Parts Freebie Method | Many freebies are cheap to the dealership and a nice perk for the customer. Using the custom package builder in your digital accessories catalog, you can load free items like a hat, keychain, or cup. Tell the customer you will register them for their free product, then let them choose. This is an easy lead-in product to view other accessories.
Accessory Manager Approach | In this method, the salesperson tees up the accessory presentation for a dedicated accessory manager. For their efforts, sales receive a flat rate or percentage-based commission. After the car sale is complete, sales should introduce the customer to the accessory manager during wait time for F&I. The accessory manager can use lead-in products, custom dealer packages, or parts freebies to begin the presentation.
Customer Service Advocate | Disarm your customer with important customer service points before transitioning into the accessory presentation. Start by asking at least three standard questions that you would review with your customer regardless. An example of those would be: asking about delivery information, insurance information, and inquiring about their knowledge of the service department. These are customer-focused, no-pressure questions. For the fourth question, switch to accessories. “Have you had the opportunity to personalize and protect your vehicle with accessories?”—the obvious answer will be no, which gives you an easy lead-in to the accessory presentation.
Preloaded Packages | Many dealerships find success by preloading every car with a custom package, including three items. When the customer is introduced to the vehicle, the salesperson can start the accessory conversation by letting them know that the car is outfitted with the most popular items for that vehicle. Then, the salesperson can ask, “You would certainly want those for your car, right?”. This method forces the customer to agree or disagree with the package in its entirety, or a portion of it, giving you an insight for the future presentation. Once the car deal is done and you present accessories, you can bring up the package again. Ask, “Which one of these accessories can we move forward with?”. If a particular accessory within the package is already port-installed, tell the customer, “This accessory is already included so that we can take $XYZ amount of dollars off the price. You want the other two, correct?”.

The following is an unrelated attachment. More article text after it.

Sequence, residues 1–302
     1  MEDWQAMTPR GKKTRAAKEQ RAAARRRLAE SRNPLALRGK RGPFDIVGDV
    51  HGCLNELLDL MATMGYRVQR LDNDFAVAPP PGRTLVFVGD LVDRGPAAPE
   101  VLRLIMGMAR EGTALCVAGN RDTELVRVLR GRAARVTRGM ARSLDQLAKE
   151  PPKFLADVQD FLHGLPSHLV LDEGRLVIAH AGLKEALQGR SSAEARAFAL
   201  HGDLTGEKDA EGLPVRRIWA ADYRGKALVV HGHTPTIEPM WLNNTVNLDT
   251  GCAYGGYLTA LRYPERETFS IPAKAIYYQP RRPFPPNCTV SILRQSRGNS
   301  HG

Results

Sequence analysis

Manufacturer Scapegoat | This method is useful to counter objections and present accessories. This approach takes the pressure off of the salesperson and is helpful for a more closed-off customer. Present accessories using the excuse that the manufacturer asked you to do it: “Subaru has asked us to make you aware of what's available for your vehicle, to personalize and protect it.” It communicates to the customer that this is simply part of your job, it’s not your idea, and you have to.
Using a lead-in product is a strategic way to sell more accessories.
A lead-in product is a product you offer consistently to every person because of its common benefit. It serves as an intro to your accessory presentation. The product will be something that you’re confident you can sell to every customer—based on its popularity, clear necessity, or price point!
Some dealerships have found success leading in with a remote start during the winter months, then changing to window tint during the summer. Other dealers use the parts freebie or a coupon for a free oil change as the lead-in offer.
Whether it’s an individual accessory or a package, it must be presented consistently! It’s a conversation starter that translates across all brands.